The Mechanical Galleon

January 24, 2013

Dating from c1585, Hans Schlottheim’s mechanical galleon was a clock with a difference…

Designed to ‘sail’ down a long banqueting table, it had model sailors hammering bells from the crow’s nest, a small organ for added musicality and, just in case it hadn’t caught your attention, a drum skin stretched across the base of the hull. As a grand finale, cannons set off a blaze of smoke and fire.

The time, if you still cared, could be seen on a dial set towards the bottom of the mast.

The galleon required three separate mechanisms and was said to need re-winding every 24 hours. Like other automata of the time, the breakthrough technology on which it relied was coiled tempered steel – made into a spring, it provided a portable source of potential energy.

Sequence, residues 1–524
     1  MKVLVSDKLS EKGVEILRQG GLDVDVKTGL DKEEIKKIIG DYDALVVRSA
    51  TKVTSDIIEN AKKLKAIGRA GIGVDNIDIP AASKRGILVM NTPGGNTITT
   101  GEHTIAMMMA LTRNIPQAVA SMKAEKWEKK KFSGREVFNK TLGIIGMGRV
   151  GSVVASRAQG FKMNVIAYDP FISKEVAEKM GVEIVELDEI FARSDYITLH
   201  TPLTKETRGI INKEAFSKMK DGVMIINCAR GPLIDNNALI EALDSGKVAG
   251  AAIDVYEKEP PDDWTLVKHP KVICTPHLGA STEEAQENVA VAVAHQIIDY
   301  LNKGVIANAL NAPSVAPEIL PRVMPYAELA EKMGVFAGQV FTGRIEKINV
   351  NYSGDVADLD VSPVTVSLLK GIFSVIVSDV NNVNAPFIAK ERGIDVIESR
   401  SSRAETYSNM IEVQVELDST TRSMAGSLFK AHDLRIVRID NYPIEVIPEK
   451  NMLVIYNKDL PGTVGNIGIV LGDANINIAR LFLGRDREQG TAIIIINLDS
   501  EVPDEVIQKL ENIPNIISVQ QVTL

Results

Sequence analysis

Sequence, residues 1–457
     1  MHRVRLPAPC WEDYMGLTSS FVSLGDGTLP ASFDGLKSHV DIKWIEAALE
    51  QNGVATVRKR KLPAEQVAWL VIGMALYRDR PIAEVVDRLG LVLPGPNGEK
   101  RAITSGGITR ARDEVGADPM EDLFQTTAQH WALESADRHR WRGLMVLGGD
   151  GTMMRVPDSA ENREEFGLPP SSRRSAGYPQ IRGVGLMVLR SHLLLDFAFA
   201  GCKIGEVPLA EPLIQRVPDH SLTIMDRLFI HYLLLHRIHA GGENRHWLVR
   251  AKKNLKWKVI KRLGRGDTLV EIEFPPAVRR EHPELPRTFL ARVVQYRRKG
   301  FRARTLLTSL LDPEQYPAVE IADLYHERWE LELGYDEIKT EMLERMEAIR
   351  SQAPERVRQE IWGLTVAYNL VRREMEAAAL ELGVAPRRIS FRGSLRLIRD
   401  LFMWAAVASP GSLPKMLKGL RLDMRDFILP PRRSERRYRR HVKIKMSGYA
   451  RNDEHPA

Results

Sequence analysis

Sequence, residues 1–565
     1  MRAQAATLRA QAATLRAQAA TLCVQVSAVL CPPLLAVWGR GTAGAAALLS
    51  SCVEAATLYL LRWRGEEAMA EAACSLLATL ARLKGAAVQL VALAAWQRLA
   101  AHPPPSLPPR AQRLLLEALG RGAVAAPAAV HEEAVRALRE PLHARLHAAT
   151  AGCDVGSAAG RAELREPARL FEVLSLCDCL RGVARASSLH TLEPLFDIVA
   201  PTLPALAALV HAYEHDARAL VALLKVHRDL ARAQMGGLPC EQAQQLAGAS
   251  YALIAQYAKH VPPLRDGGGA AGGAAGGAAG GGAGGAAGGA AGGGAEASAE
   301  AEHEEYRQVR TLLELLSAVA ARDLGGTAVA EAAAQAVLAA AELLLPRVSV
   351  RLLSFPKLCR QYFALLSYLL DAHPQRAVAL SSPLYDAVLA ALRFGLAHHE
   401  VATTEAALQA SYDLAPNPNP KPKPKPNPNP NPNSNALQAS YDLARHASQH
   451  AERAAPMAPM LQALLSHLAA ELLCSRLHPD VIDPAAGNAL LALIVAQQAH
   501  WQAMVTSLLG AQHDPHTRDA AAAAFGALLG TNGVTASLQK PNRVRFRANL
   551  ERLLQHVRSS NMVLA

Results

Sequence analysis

Schlottheim (1547-1625) was a highly regarded goldsmith and clockmaker, whose work was much in demand among European royalty – clocks were a real status symbol at the time and anything clockwork was the height of sophistication.

The galleon once formed part of the ‘Kunstkammer’ of Augustus, the Elector of Saxony (1526-1586) who was famous his collections of art, tools and arms. He is depicted on the ship, along with six other electors. It can be seen today in the British Library.


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